I’ve been journaling for a little under a week now, and have been writing down 1 dream per night, and now 2 dreams per night. Usually I wake up about 2 hours before I’m due to wake up in the morning to write something down.
Just woke up from a short lucid dream. Two men drove up in a car and got out to approach me. I found that I was sleeping on the hood of a car, and thought “Oh this is a dream. I can do anything I want!” I tapped each of them to make their intentions positive and then flew into the sky. I decided to experience past, present, and future … all of time at once. The objects and buildings kind of flickered into light/space.
Not sure, but I definitely see repeating themes in my dreams related to transportation (cars, buses). Also in waking life I’m around a lot of Buddhist practices on the regular, so I’m sure there’s some influence.
How long have you been writing down your dreams for?
Writing down dreams really changed my life. I have been doing it for about 6 months now after joining this site, and have seen big progress. I initially started to be able to only recall 1 or two dreams, if i was lucky. Now i can recall 4-6 on a good night.
That’s great that you’ve been doing it for 6 months!
This time around I’ve only just started making it a regular practice (i.e. every night) since Halloween, so it’s not been too long yet. If I’m not making a point to remember dreams, I remember 0 on average or only very striking ones, so 1-2 a night is already a change for me. It’s pretty fun.
I saw in a post somewhere here that someone recommended a pen with a light, which sounds like a great idea for those middle of the night dreams. Do you have any trouble going back to sleep? Or do you tend to wake up in the morning and remember 4-6, as opposed to waking up each time?
I waited 2 years to do the dream journal, and I regret it, all the lucid dreaming books said to do it, but I did not listen.Then I found Andrews site and his words really resonated with me, so when he said doing the journal was essential, I listened, and I am very very happy I did.
Yes I started out the same way. Getting to 1-2 was a big milestone, and happened within the first few weeks of doing it.
I dont write down the dreams in the middle of the night unless it is one that is very powerful. I have enough trouble trying to get back to bed as is. However, what I will do to try to remember those first few dreams is replay them in my mind over and over again while I am trying to go back to sleep. This method is pretty good and engraving the important parts of those dreams in my memory so when I wake up in the morning i can remembr them.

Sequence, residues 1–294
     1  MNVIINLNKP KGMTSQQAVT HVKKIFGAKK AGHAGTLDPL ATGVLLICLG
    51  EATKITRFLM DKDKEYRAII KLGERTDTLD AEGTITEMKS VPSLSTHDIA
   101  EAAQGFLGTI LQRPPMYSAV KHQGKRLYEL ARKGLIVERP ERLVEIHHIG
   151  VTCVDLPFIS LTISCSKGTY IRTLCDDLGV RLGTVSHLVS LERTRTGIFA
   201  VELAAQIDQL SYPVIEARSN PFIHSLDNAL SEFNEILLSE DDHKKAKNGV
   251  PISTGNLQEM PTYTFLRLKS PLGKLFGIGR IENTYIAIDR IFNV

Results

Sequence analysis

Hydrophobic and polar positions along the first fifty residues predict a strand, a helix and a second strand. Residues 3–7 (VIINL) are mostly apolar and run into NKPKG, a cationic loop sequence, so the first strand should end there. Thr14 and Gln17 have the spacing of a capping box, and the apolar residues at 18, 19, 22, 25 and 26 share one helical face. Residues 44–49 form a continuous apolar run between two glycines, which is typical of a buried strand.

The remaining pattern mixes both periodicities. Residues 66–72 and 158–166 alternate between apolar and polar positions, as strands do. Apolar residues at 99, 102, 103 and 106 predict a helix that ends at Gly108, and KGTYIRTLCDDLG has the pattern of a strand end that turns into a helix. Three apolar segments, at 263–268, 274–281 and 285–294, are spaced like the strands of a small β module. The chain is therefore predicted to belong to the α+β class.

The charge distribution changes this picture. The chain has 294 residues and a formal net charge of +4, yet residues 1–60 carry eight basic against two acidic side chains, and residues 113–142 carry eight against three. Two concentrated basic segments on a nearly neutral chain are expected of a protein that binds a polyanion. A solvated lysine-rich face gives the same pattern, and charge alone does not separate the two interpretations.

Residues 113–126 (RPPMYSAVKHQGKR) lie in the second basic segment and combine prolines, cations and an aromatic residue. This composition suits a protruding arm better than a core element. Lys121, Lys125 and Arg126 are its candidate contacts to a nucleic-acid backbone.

If it does not affect your ability to go back to sleep, then by all means write them down. If it does, might be better to focus on the latter half of the dreams, this is also when the REM cycles become longer, in the first half of sleep, deep dreamless sleep cycles are much longer, and REM much shorter.
Nice! Remembering your suggestion, I tried saying the dream out loud and then going back to sleep when I woke last night instead of getting up. In the morning it took a little longer to remember, but it did come back.
Had another very short lucid dream, where I could control some things (flew, squished my handprint into bricks, changed the sky), but not others (effort to light/change an area resulted in sort of a white and grey space …). Interesting because the failed attempt I also felt some doubt when I was trying.
I keep hearing that meditation is helpful, and I have done a lot of different types of meditation over about 15 years, though all in the Buddhist tradition. Also, looking at the illusory nature of dreams is super similar to Buddhist practices/theories looking into emptiness and how mind constructs reality.
Some years ago I really wanted to lucid dream but I was trying way too hard and/or wanting to escape some aspect of my reality (I really, really wanted more time to do formal practice and thought maybe if I could turn to my sleeping time … which is kind of rejecting my normal life as rich grounds for practice).
At this point, my intention is a bit more balanced, I want to integrate sleeping/dreaming with waking practice and see it more or less as all as part of the same thing. Lucidity is a good sign, rather than my goal.
Also, I think Andrew Holecek mentions in an interview with Buddha at the Gas Pump, and I totally agree, that joining any practice with the aspiration to benefit others (i.e. bodhicitta) super charges practice.
I think also looking at it as a marathon rather than a sprint may help. I’m really psyched to see all these discussions on this topic, and all the comments and ideas here. I feel it’ll be easier to run this marathon with company, yourself included.
Edit: Oops, and to actually answer your questions, I haven’t really developed a strategy per se for reality checks. I became lucid very briefly last night simply by noticing that what was happening was totally strange and unrealistic! I do meditate daily, well usually.
That is a really good point. Imoften forget just how rich wake life is for practice and how often I go non-lucid when '‘teachers’ and homework appears.
Excellent point as well. Yes he also in many of his videos toward the end dedicates the merit of all we have done to the merit of others.
Amen! I too see it as a marathon, or many marathons, and often had to remind myself of that in times of discouragement. I feel very greatful to have had 2 lucid dreams in the past 6 months, and I know I would not have accomplished it without this site and this wonderful group of people here. This community is very fortunate to have you.